• Thursday, October 28, 2021
India corona update 
Total Fatalities 425,195
Total Cases 31,726,507
Today's Fatalities 422
Today's Cases 30,549
India corona update 
Total Fatalities 425,195
Total Cases 31,726,507
Today's Fatalities 422
Today's Cases 30,549

Afghanistan

Taliban ban IPL broadcast in Afghanistan over ‘female audience’

Taliban fighters patrol a street in Kabul on August 29, 2021. (Photo by AAMIR QURESHI/AFP via Getty Images)

By: Shubham Ghosh

THE Taliban, who stormed back to power in Afghanistan in August, have put a ban in the broadcast of the Indian Premier League (IPL) cricket tournament over the presence of “female audience and spectators” at the venues.

The extremist outfit has targeted women over participation in sports since their return to power, leaving the international sporting fraternity deeply worried.

Former Afghanistan Cricket Board (ACB) media manager and journalist M Ibrahim Momand said the live broadcast of IPL matches was banned due to possible “anti-Islamic” content.

ALSO READ: ‘Don’t boycott Afghan men’s cricket team, they did a lot’

“Afghanistan national (TV) will not broadcast the @IPL as usual as it was reportedly banned to live the matches resumed tonight due to possible anti-islam contents, girls dancing & the attendance of barred (sic) hair women in the (stadium) by Islamic Emirates of the Taliban,” Momand tweeted on Sunday (19) when the 2021 edition of the T20 cricket tournament resumed in the United Arab Emirates after a gap of more than five months due to the coronavirus pandemic.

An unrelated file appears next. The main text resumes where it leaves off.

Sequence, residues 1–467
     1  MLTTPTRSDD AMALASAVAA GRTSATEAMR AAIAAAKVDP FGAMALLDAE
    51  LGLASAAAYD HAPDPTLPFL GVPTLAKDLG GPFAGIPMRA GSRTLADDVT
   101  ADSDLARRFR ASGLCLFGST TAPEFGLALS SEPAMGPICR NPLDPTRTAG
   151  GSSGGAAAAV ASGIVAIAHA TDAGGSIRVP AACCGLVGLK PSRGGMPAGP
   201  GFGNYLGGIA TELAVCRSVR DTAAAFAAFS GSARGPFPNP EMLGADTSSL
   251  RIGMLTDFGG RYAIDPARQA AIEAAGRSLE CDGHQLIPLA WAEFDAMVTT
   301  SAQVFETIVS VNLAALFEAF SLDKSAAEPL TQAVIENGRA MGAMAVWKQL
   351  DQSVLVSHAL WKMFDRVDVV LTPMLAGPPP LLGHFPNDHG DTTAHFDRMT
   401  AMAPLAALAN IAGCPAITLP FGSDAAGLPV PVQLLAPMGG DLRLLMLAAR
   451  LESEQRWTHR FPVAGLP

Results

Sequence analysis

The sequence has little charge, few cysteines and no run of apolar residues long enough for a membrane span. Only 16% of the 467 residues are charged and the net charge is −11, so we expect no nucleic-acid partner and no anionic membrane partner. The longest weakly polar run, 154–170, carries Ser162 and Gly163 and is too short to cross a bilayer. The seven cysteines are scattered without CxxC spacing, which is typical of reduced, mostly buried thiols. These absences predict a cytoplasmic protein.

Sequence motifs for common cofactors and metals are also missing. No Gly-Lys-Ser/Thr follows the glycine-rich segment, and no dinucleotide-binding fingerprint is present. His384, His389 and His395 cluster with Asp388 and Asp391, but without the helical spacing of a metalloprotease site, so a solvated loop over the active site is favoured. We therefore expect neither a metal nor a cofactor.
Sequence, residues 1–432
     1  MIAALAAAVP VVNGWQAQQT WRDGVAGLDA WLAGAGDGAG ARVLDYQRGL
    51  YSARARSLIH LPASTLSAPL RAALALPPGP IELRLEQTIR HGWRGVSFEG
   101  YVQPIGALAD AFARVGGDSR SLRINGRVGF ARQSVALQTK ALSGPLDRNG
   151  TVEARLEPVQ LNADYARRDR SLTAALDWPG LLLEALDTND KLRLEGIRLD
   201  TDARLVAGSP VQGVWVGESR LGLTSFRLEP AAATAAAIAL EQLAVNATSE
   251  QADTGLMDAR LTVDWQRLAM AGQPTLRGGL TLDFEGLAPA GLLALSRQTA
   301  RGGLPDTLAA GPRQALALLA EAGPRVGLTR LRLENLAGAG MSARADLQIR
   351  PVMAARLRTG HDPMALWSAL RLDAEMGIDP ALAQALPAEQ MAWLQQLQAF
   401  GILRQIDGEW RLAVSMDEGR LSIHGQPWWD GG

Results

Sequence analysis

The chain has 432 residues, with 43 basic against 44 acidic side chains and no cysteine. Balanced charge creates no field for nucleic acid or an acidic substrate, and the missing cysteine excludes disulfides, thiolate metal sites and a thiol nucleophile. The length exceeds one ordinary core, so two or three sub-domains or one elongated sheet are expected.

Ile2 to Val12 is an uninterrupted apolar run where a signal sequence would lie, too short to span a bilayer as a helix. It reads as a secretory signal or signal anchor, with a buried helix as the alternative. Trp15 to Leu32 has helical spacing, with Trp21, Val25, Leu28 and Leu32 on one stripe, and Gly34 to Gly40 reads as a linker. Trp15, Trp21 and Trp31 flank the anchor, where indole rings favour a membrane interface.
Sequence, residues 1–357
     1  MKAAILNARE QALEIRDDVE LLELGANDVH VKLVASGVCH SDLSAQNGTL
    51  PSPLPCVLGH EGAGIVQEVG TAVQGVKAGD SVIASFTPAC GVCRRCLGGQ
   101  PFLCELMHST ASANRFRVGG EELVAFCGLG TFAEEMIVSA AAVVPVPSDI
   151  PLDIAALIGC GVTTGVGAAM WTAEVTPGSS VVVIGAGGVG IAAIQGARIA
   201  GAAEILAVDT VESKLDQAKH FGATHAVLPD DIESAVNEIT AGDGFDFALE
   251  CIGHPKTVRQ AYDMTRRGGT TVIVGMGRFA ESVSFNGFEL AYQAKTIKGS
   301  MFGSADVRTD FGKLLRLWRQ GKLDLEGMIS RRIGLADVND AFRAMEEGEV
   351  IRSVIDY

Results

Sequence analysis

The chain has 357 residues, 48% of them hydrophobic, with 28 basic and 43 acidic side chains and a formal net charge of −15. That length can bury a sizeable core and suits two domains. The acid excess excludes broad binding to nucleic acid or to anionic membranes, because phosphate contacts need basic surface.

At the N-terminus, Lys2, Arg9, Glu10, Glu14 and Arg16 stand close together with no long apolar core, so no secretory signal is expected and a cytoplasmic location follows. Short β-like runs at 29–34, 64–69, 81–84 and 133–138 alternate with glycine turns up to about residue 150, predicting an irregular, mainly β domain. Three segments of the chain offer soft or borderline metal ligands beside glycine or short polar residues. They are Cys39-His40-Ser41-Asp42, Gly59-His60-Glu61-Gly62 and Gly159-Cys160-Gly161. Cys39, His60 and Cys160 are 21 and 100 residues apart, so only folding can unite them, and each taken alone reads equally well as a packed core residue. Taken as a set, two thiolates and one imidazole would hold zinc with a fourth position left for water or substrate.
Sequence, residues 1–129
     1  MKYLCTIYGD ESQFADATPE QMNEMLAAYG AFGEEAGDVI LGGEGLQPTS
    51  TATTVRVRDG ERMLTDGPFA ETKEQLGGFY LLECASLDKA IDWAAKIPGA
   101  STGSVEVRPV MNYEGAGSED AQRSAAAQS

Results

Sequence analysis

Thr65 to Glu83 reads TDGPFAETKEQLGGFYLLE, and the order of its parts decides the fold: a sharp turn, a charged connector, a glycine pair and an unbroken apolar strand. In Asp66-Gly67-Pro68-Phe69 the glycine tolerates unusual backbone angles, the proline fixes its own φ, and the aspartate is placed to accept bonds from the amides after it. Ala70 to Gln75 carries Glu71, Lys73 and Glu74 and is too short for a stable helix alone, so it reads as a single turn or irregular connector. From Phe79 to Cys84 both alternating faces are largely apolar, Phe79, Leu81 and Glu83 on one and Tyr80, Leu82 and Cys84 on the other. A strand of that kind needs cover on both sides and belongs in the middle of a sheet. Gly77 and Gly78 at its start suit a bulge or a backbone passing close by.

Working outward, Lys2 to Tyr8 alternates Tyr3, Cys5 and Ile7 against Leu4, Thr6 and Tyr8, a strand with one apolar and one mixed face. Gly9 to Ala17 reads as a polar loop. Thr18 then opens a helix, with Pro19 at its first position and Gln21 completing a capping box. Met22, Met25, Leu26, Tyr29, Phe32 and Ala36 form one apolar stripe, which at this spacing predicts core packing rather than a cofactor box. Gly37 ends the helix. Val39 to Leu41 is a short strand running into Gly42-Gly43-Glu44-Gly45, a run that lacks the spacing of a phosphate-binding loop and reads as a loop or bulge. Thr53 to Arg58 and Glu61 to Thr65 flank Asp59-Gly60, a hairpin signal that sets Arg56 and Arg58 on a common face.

Another journalist Fawad Aman, who has also served as the spokesperson of the Afghanistan defence ministry, wrote, “Ridiculous: Taliban have banned the broadcasting of Indian Premier League (IPL) in Afghanistan.

“Taliban have warned that Afghan media outlets should not broadcast the Indian Cricket League due to girls dancing and the presence of female audience and spectators in stadiums.”

Some of Afghanistan’s top cricketers like Rashid Khan, Mohammad Nabi and Mujeeb ur Rahman are also taking part in the IPL.

According to a media report, Afghanistan’s new sports chief last week said that the Taliban will allow 400 sports — but declined to say anything on women’s participation. “Please don’t ask more questions about women,” he was quoted as saying.

When the Taliban were in power in Afghanistan between 1996 to 2001, women were banned from playing any sport.

After taking over the country last month, the group has stressed that women’s rights would be respected within the framework of Islam. The knockout stage is scheduled to begin on October 10 with the final slated to be held on October 15.

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